As I’ve told you before, I love houses. And really, I’ve been addicted to real estate for a long time.
Give me your primary residences, your rentals, and your condos yearning for a remodel. I don’t care if they’re 2-story, 3-story, or a ranch. I’ll take them all and turn them into my own projects of love.
Of course, playing the real estate game is expensive. And since we’re not in the market for a new house, I’ve tried to satisfy my cravings by checking out open houses near my home. Stick a sign in the yard, burn some vanilla candles, and put an obnoxiously happy salesperson at the door and I can’t resist.
I used to comb through the listings each week to see what’s on the market. Of course, I would tell the hubs I was just checking out home values in our neighborhood – you know – so we know what our own house is worth.
But finally, I realized my addiction to open houses was slightly dangerous – so dangerous that I’ve chosen to quit going altogether. Here’s why…..
Reason #1: They Make Me Want a Bigger House
Seeing the size of these starter castles makes me want to move. A queen bee like me needs a new kitchen, another bathroom, and a fully finished basement, right? I’d also love to get some nice new wood trim – without the nicks and scratches that come with having kids and a dog, of course. It’s all so tempting!
While I love our home, I still consider it as sloppy seconds. We actually wanted to purchase another house in the same neighborhood. It was our dream home, but our offer wasn’t accepted due to a contingent sale. Now, we walk by that house almost every day, wishing we had it.
Buuuuut… that house would have cost us almost $80,000 more than our current abode. Plus, we don’t need a bigger house. After remodeling, we actually love the house we have. Besides, our current location within our neighborhood is perfect. I love our street and our back yard, along with our proximity to the neighborhood pool.
Reason #2: I Fall in Love Pricey Upgrades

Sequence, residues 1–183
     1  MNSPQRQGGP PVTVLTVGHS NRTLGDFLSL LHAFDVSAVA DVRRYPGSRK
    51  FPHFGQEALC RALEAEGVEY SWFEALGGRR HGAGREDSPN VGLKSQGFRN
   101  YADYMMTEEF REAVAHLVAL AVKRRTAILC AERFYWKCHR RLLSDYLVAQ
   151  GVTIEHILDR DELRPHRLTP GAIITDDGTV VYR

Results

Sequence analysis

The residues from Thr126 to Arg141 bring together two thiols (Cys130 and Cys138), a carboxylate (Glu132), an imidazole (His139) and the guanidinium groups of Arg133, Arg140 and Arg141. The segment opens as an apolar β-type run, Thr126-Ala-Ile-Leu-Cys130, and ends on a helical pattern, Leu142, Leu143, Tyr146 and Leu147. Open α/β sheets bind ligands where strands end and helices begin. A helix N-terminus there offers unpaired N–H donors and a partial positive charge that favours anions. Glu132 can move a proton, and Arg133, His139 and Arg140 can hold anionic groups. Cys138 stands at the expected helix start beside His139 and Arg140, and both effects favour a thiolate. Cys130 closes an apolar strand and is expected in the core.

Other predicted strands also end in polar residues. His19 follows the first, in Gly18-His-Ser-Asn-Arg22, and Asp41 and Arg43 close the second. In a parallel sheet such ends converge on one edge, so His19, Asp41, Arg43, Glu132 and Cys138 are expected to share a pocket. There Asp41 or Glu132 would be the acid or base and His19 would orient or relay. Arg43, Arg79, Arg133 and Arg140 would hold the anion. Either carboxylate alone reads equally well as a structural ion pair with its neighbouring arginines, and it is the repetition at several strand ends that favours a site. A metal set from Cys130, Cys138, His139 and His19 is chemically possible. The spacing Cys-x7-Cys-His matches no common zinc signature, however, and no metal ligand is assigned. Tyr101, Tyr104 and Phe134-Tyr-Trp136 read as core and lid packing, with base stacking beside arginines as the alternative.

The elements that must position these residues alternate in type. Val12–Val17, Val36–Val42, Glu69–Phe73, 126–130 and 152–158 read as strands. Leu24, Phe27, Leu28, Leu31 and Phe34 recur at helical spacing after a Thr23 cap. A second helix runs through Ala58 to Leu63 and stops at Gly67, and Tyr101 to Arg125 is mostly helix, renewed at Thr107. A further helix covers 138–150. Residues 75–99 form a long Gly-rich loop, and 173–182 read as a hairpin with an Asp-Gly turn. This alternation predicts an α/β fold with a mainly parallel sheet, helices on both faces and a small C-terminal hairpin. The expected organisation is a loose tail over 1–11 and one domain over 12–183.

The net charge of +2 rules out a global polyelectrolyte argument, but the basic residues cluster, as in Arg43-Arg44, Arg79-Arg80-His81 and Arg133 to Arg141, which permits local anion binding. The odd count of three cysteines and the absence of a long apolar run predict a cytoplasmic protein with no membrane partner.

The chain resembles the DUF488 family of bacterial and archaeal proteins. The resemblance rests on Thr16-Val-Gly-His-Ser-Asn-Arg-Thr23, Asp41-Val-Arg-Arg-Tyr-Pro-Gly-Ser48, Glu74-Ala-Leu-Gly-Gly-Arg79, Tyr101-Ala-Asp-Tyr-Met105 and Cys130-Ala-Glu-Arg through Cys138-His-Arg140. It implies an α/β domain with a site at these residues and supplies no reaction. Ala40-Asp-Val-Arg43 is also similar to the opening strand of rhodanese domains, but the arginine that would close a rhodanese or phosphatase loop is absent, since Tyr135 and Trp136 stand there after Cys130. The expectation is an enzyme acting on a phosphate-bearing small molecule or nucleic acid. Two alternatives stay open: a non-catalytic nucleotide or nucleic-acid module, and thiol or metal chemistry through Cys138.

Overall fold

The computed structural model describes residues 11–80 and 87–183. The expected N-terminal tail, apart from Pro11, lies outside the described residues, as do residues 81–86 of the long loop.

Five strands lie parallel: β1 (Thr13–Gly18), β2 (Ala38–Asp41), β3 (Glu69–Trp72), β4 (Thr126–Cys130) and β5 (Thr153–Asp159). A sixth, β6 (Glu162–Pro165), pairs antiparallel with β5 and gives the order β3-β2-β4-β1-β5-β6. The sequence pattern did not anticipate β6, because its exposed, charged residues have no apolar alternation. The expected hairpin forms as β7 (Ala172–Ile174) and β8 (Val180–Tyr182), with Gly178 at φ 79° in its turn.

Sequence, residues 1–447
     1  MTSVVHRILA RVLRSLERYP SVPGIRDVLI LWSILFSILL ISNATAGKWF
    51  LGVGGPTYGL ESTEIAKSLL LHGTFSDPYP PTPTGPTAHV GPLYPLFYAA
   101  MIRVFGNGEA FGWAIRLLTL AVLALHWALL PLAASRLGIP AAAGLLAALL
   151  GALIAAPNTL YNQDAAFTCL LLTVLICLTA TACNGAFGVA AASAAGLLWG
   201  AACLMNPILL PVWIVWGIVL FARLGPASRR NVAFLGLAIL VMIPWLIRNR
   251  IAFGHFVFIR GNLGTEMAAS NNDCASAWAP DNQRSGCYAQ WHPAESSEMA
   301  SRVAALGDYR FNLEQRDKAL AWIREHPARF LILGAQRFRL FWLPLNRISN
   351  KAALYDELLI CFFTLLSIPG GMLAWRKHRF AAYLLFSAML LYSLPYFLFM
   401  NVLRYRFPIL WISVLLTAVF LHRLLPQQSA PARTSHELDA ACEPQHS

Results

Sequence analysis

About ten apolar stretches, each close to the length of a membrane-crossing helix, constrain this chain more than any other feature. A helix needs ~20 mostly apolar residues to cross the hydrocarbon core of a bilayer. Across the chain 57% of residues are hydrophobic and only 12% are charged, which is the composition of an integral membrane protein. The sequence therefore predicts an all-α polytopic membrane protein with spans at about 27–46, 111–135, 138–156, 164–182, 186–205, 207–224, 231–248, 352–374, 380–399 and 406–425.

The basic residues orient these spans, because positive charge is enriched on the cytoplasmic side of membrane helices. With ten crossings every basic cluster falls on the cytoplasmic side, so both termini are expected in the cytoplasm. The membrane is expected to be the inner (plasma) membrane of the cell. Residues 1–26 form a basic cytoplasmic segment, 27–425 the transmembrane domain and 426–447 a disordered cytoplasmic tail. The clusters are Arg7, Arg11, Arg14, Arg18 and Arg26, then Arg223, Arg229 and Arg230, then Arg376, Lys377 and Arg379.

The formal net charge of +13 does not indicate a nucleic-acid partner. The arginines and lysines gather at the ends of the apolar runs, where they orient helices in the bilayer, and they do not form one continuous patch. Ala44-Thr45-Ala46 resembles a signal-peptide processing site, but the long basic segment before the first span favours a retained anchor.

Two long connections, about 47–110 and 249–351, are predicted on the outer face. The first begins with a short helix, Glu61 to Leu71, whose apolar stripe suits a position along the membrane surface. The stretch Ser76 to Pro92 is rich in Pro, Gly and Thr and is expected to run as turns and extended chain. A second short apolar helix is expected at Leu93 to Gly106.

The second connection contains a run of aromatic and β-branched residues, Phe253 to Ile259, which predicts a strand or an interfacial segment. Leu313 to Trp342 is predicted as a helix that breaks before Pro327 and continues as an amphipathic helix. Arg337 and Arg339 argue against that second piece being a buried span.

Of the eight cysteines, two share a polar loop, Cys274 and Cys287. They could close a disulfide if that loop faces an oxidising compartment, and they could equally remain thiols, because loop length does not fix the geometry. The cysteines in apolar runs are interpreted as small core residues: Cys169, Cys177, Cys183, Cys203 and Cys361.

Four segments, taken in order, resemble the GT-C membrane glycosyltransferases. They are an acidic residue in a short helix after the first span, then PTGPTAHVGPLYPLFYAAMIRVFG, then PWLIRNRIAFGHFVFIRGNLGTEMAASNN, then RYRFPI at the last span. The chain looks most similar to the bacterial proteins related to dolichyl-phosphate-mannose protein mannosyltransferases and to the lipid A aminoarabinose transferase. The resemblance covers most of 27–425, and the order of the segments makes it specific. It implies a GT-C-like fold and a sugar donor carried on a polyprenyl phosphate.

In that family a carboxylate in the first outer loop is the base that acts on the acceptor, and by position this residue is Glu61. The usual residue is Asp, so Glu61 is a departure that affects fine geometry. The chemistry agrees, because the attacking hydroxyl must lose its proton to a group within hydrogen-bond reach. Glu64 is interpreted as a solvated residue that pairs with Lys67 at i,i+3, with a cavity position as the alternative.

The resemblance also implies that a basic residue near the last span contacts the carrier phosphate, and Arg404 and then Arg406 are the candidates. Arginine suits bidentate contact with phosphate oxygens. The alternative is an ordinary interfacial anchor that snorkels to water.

Because I enjoy interior design, I love checking out the type of upgrades people choose in houses similar to mine. It’s fun and it’s satisfying, but it also gives me some destructive ideas.
Honestly, seeing other people’s pricey upgrades brings out my inner JoAnna Gaines. Suddenly, I’m looking to tear down walls, replace all my floors, and cover my entire family room in shiplap. But let’s face it – Greg is no Chip in the construction department. That means we have to hire out most of the work, which is expensive.
Trust me, I don’t need any more remodeling ideas. I don’t think my wallet – or my husband – would approve.
Reason #3: Our House is Nearly Paid Off
In December, we paid off our first rental house early… and it felt freakin’ great! That house is ours, free and clear from any obligation to a bank. We are legit home owners, and that extra rental income will help us in a gazillion different ways.
Without that mortgage on our plate, we’re using the rental income to pay down our other rental even faster. Hopefully, we’ll have our second income property paid off this summer. Then, we’ll focus on destroying the mortgage on our current home. Optimistically, we’ll have our primary residence paid off in 18 months. Worst case scenario, it will be paid off in 2-3 years.
Though I’d love to upgrade to a bigger and “better” house, the money conscious mama inside me knows keeping my current house is the best way to get ahead. Sure, we could “afford” to move up if we wanted to. And that’s what most people do; they put their house on credit, buy more than they can really afford, then wonder where all their money is going. By choosing to stay where we’re at, we’ll meet our dreams of early retirement and start slow traveling the world that much faster.
If there is one thing I’ve learned, it’s that there will always be something bigger and better out there. Somebody will always have more than I do – more money, more toys, more house. That’s what everybody is trying to sell, that bigger is better. It’s not.
When you don’t fall for the scheme, the only person that wins is you. Heck, I’m sure the bank would gladly loan us a million bucks or more. We can “afford” to buy a much bigger house if we wanted to… but can we really?
We choose not to. Had we made that decision in the past, we wouldn’t be able to travel like we do now. We definitely wouldn’t be able to save as much. Greg would probably still be at his job, slaving away to pay off a debt we didn’t really need in the first place. Instead, we’re able to live the life of our dreams right now and still save for the future. I believe we’ve made the right call.
Making good financial choices is what separates getting ahead from falling behind. Sure, I may have to cut back on the open houses, but I’m happy to do so if it means a better financial future for my family. What choices are you making to do the same?